Coupled Cycling of Iron and Carbon along a Climate Gradient of Forest Soils.
Jon Chorover and Aaron Thompson. Univ of Arizona, 429 Shantz Bldg, P.O. Box 210038, Tucson, AZ 85721-0038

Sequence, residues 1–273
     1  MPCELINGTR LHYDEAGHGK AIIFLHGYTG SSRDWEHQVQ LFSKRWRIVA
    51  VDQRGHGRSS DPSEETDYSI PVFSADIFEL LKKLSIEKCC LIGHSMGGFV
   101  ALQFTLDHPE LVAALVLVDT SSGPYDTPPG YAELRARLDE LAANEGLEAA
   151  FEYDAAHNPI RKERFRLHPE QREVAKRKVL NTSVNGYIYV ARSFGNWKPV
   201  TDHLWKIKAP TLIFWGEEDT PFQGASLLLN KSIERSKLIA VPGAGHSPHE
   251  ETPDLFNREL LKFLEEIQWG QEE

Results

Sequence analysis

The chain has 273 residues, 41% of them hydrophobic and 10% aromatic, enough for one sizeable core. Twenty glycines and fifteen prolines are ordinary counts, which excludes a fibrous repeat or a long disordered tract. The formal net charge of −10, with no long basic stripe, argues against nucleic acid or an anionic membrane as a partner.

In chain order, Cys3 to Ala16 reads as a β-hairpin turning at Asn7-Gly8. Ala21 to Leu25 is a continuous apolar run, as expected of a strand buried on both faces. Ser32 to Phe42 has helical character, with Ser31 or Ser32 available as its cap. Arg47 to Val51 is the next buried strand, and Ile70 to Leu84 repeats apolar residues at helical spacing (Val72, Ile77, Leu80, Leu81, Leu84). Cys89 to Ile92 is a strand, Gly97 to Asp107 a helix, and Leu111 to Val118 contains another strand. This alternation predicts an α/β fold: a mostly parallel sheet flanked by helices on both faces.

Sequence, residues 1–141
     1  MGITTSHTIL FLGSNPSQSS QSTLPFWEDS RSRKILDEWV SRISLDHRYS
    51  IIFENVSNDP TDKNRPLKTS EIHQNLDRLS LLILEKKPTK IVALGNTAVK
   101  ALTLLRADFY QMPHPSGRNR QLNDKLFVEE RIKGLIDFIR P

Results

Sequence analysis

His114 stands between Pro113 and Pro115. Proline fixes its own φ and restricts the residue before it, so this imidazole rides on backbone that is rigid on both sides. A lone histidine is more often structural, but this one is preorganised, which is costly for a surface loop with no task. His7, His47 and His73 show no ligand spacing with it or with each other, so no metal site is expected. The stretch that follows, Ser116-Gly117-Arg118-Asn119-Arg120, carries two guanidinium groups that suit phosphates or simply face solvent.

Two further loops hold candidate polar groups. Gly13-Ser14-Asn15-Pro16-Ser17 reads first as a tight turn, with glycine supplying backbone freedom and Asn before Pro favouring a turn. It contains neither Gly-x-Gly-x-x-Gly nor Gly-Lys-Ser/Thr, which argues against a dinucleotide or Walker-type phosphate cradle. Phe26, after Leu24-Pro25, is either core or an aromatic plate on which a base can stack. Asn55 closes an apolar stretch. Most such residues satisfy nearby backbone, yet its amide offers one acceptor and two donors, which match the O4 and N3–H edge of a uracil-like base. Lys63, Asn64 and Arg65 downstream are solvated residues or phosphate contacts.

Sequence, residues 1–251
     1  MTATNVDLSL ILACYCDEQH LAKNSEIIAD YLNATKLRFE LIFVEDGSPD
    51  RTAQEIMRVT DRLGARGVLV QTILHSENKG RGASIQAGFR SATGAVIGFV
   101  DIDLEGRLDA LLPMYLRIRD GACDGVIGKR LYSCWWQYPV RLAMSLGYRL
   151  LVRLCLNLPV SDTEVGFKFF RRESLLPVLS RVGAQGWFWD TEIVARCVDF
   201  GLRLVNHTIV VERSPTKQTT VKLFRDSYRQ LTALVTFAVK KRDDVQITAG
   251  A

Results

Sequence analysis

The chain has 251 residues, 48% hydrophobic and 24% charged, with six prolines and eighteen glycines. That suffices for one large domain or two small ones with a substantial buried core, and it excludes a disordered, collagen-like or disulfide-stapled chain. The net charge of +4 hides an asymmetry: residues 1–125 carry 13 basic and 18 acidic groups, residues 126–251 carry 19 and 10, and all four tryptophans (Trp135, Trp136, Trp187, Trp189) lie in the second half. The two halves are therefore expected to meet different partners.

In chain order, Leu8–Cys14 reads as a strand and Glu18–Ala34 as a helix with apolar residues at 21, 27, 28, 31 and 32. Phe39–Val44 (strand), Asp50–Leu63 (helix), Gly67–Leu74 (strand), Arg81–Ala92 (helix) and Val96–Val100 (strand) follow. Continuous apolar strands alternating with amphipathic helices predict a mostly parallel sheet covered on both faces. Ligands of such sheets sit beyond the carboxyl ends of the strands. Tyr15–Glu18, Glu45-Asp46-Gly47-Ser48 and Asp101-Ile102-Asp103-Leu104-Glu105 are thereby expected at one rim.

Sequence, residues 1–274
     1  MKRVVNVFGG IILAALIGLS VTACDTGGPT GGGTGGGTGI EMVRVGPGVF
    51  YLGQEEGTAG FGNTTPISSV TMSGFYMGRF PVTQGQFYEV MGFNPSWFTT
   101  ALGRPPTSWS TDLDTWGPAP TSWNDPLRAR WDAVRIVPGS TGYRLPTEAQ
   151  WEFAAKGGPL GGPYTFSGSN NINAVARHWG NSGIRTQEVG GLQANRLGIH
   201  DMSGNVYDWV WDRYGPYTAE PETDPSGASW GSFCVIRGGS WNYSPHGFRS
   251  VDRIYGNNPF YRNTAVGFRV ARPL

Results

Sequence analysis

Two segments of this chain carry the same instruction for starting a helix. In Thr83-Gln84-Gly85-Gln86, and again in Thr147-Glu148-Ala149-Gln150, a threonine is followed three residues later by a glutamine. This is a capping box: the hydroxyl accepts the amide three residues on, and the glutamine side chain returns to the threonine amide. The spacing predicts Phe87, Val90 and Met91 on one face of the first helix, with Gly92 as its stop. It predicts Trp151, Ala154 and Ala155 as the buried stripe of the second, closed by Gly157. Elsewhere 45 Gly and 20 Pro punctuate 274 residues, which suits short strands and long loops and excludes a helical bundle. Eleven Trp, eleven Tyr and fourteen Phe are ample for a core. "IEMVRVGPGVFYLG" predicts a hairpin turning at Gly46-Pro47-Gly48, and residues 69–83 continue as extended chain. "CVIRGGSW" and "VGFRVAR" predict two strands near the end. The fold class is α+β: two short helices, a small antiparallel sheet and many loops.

Bacterially-driven iron reduction and oxidation events may bring about wide shifts in the concentration of colloidal and dissolved material because of either Fe mineral dissolution or pH shifts associated with Fe oxidation state changes. This can potentially have profound effects on the mobility of organic and metal constituents. We examined these phenomena by differential centrifugation in an Inceptisol A-horizon from Hawaii subjected to four consecutive 14 day reduction-oxidation cycles across the “soil-Fe” (Fe(OH)3)/Fe2+(aq)) equilibrium in triplicate reactors. Size fractionated samples were characterized based on elemental analysis of the framework elements (Si, C, Fe, Ti, and Al), as well as Zr, Nb, La and U. Intra-cycle oscillations in all colloidal (3 kDa to 160 nm) element concentrations peaked during the reduction half-cycles, mobilizing 10% of total soil Ti and from 1 – 5% of total soil Zr, Nb, La and U at peak dispersion. Colloid dynamics were coupled to the pH shifts accompanying the redox oscillations rather than the fluctuating solubility of Fe oxides. TEM/EDS and mass-balance calculations suggest a carbon-based colloid matrix with localized zones of metal enrichment. The cumulative effects of four full Fe redox cycles included an apparent increase in colloid stability.